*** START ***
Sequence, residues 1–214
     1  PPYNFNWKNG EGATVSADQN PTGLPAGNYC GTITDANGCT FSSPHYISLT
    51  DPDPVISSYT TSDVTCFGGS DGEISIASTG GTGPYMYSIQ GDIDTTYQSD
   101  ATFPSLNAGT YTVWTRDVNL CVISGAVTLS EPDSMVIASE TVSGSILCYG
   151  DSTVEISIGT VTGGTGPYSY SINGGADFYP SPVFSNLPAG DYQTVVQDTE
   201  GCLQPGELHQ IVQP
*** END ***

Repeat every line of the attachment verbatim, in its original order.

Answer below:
Sequence, residues 1–214
     1  PPYNFNWKNG EGATVSADQN PTGLPAGNYC GTITDANGCT FSSPHYISLT
    51  DPDPVISSYT TSDVTCFGGS DGEISIASTG GTGPYMYSIQ GDIDTTYQSD
   101  ATFPSLNAGT YTVWTRDVNL CVISGAVTLS EPDSMVIASE TVSGSILCYG
   151  DSTVEISIGT VTGGTGPYSY SINGGADFYP SPVFSNLPAG DYQTVVQDTE
   201  GCLQPGELHQ IVQP